Ljubljana related

23 Feb 2019, 11:29 AM

STA, 22 February 2019 - The Archbishop of Ljubljana Stanislav Zore expects that the ongoing meeting of Catholic Church dignitaries on sexual abuse would result in a handbook on how to handle such cases. Talking to the Catholic Radio Ognjišče on Friday, he also encouraged believers to fight against paedophilia in society.

The meeting, which started yesterday and will run until Sunday, will have to result in "concrete steps, a handbook of sorts, to help handle and resolve such cases," he said.

"This does not mean that we have nothing now. We have everything that was expected, what the Holy See demanded. We have guidelines... but things do need to be upgraded."

He said that he had met a victim abused by a priest. "It is very important to show deep respect for these people, their intimacy and privacy."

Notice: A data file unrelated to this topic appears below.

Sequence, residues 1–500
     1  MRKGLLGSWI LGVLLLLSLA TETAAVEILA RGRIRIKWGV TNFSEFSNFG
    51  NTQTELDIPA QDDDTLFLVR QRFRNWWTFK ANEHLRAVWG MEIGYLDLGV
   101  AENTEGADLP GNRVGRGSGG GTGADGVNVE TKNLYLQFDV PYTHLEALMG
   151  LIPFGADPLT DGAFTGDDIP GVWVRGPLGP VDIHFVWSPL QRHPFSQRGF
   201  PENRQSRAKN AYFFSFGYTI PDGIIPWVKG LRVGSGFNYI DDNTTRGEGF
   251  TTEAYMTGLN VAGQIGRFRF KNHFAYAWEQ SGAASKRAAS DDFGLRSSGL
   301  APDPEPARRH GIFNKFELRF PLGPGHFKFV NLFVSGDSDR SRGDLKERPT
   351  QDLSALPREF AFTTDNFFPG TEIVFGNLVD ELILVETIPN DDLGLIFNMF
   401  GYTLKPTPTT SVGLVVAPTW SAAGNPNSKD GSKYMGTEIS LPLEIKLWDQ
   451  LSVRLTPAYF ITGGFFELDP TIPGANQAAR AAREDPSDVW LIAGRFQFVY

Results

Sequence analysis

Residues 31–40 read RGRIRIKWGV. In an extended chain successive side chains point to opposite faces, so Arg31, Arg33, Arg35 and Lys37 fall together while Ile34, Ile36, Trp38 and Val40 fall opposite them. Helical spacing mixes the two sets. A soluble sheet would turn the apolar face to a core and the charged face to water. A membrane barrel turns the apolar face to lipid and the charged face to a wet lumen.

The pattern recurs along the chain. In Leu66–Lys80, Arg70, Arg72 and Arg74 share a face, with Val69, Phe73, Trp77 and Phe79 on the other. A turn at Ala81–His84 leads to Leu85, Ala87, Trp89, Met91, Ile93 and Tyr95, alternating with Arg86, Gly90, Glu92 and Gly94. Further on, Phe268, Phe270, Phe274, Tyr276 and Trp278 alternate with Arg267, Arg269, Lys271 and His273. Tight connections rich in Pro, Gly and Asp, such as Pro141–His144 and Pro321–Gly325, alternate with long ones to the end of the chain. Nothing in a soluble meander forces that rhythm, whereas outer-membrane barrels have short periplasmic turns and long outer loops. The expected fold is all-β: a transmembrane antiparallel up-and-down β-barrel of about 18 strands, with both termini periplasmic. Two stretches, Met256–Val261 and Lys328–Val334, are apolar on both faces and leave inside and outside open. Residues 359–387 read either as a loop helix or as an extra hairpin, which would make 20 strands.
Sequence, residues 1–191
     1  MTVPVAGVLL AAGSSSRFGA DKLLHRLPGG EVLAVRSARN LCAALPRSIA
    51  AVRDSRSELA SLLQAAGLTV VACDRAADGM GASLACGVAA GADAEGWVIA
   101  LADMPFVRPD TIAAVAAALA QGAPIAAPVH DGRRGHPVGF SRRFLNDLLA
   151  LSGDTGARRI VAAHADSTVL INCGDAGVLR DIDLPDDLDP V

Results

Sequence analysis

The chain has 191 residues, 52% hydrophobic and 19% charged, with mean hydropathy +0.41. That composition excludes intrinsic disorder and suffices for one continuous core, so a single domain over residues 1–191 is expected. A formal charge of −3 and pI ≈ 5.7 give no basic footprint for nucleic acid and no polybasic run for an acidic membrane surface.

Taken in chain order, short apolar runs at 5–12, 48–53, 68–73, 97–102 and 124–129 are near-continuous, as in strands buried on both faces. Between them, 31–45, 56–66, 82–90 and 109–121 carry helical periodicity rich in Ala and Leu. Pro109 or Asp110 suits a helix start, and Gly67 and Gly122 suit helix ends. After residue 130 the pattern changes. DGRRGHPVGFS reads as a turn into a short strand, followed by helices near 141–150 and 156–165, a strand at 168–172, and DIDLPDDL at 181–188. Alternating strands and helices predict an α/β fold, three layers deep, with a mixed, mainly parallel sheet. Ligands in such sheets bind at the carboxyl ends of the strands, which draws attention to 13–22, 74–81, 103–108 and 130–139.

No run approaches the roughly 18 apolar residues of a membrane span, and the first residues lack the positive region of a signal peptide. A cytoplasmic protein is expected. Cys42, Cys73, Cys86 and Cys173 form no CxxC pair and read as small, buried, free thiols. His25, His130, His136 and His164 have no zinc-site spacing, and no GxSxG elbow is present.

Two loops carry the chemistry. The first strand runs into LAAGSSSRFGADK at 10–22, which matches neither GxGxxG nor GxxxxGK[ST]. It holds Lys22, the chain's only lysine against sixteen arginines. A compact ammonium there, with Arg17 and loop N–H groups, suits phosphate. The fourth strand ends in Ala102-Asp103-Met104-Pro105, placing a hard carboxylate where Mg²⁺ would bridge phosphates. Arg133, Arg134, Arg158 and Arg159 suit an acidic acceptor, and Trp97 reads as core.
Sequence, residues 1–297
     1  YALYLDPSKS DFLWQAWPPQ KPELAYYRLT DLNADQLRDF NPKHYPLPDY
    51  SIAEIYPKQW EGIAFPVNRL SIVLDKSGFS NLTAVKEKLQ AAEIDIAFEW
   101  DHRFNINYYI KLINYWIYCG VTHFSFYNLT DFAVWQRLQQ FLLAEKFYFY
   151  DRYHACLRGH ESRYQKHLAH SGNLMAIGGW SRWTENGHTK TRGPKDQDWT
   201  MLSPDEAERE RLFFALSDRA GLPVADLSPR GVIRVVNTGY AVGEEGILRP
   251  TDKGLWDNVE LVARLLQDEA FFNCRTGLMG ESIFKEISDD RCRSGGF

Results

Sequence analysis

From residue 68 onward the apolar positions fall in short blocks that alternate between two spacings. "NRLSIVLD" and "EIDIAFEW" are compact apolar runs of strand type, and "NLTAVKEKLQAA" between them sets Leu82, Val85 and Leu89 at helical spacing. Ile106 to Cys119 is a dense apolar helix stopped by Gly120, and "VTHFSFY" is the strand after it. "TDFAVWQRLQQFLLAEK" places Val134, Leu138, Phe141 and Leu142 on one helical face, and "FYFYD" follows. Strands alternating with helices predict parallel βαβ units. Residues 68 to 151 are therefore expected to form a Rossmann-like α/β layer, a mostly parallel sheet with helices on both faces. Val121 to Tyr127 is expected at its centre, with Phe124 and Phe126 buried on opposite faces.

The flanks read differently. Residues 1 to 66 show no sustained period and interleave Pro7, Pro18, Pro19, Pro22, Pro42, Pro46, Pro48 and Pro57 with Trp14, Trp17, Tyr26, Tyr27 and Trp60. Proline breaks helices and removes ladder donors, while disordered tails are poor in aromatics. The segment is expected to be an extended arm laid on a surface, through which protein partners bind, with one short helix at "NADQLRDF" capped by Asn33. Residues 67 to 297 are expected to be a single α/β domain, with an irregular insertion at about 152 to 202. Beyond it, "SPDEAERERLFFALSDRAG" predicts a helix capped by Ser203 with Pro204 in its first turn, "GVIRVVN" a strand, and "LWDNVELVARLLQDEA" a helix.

He added that his knowledge on the topic was expanding, especially about the far reaching effects of such abuse. "The earlier in childhood it happens, the farther it reaches and marks the rest of [the victim's] life."

"These people definitely need empathy, concrete measures to help their treatment, the healing process. Their families also need this."

He said that good priests are also victims, many are distressed because they are being viewed as potential paedophiles. "They also need support and encouragement."

"But on the other hand this is a part of our penance for the sins of individuals within Church."

He also called on believers to "report sexual abuse if they detect it" instead of spreading rumours "that are no use to anybody".

"If names and concrete matters are known, I expect them to be reported... It is also important that believers seek to uproot this evil from society in general. It is a daunting task but this does not mean we should not attempt it."

He also commented on the launch of an initiative fighting for the protection of victims of sexual abuse perpetrated by priests earlier this week by a group of Catholic Church members, including priests.